Business is booming, and it’s time to hire your first employee. Finding great talent, hiring someone, and making sure that all of your new hire paperwork is in order is often a steep learning curve for entrepreneurs. Fortunately, once you go through the on-boarding process with one employee, you’ll be ready to handle many more as your company grows.
Do You Really Need to Hire an Employee?
First, you’ll need to determine whether or not you truly need to hire a full-time or part-time employee or whether contract labor or a freelancer can do the job.
Understanding the difference between the two main categories of employees versus independent contractors is critical, since mistakes can lead to hefty IRS penalties for not paying the appropriate employment taxes. An independent contractor has more autonomy in how they work, where they work, and how they complete each task, while an employee works directly under your supervision on set tasks, at the time and place of your choosing.
You cannot keep someone as an independent contractor status and treat them like an employee. The IRS takes a dim view of this approach since some companies use it to avoid paying unemployment taxes and other benefits. You must also be quite clear about job hours, since there are different insurance and tax requirements for part-time versus full-time employees.
Consider how you’ll track employee hours. If it’s just one employee, it may be easy to note when they arrive at work and when they leave. If you plan to expand your workforce, a computerized tracking system may needed to accurately track hours for benefits and payroll.
Once you’ve settled upon hiring an employee, create a job description for the position. Include roles, responsibilities, requirements for the job, and a list of tasks associated with the job itself. This will guide your hiring process and help wanted ad, too, so it’s an important task.
Finding Great Help
You can hire locally through newspaper or online classified ads. You can also place ads on job boards such as Indeed, Monster, and other sites. Base your job posting on the description. Receive resumes, review them, and interview the three most promising candidates.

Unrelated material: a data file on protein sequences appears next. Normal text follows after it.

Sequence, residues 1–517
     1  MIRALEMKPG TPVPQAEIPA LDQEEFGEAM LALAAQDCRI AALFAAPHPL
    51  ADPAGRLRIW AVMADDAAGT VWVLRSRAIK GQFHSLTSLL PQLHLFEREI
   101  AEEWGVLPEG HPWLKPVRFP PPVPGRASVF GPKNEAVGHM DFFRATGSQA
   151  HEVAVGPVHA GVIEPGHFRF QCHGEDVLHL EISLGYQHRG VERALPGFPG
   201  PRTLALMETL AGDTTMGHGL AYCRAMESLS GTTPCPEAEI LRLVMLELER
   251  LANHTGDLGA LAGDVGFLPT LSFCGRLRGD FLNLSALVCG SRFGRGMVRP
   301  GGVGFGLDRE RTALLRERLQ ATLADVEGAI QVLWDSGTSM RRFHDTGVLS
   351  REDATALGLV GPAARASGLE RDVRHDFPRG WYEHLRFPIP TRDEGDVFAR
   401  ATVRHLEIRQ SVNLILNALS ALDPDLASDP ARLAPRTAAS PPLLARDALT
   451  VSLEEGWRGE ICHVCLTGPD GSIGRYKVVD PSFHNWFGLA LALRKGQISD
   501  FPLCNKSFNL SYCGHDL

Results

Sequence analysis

Congratulations! You’ve found your candidate and extended a job offer. If they accept, it’s time to begin the hiring process, step by step.
The Hiring Process, from Start to Finish
There are certain legal and tax rules you must follow when you hire a new employee.
- Obtain an EIN: An EIN, or employer identification number, is a number used on many legal and tax documents. You apply for an EIN on the IRS website.
- Register with your state’s labor department: You must register with your state’s labor department to pay the appropriate unemployment compensation taxes.
- Purchase Worker’s Compensation insurance: States require employers to carry Worker’s Compensation insurance to cover their employees in the event of an accident or injury on the job. Each state sets its own policies regarding Worker’s Compensation insurance, so check with your state’s labor department for the rules for your state.
- Set up your payroll system: You can set up your own payroll system or work with online payroll software to handle weekly payroll filing needs.
- Complete forms: Each employee should fill out a W-4 form, the withholding allowance form, and an I-9 form with verification of eligibility for employment. Photocopy proof of eligibility, such as driver’s licenses, etc., and return the originals to your employee.
- Report the employee: You must report employees to the state’s hiring agency. The state then checks against records of people who owe for child support.
- File IRS Form 940: You’ll need to complete IRS form 940 each year to report federal unemployment tax.
- Set up personnel files: Setup files for your new employees that includes copies of their resume or job application, employment verification, IRS forms, and emergency contact information.
- Sign up for benefits: If your company offers benefits, review them with your employee and ask them to enroll.
- Finish the process: Create an employee manual and hang up required “Employee’s Rights” posters. Follow all OSHA workplace safety regulations. Get your new employee the tools they need to do their job – a desk, computer, cash register, car or whatever else you need. Then welcome them aboard!
Depending on your business needs, you may need to include in your hiring process an NDA. NDA stands for “Non Disclosure Agreement”. It is a legally binding contract that prevents employees from sharing trade secrets with anyone else. This protects your business if you have any important information that you don’t want getting out into the public.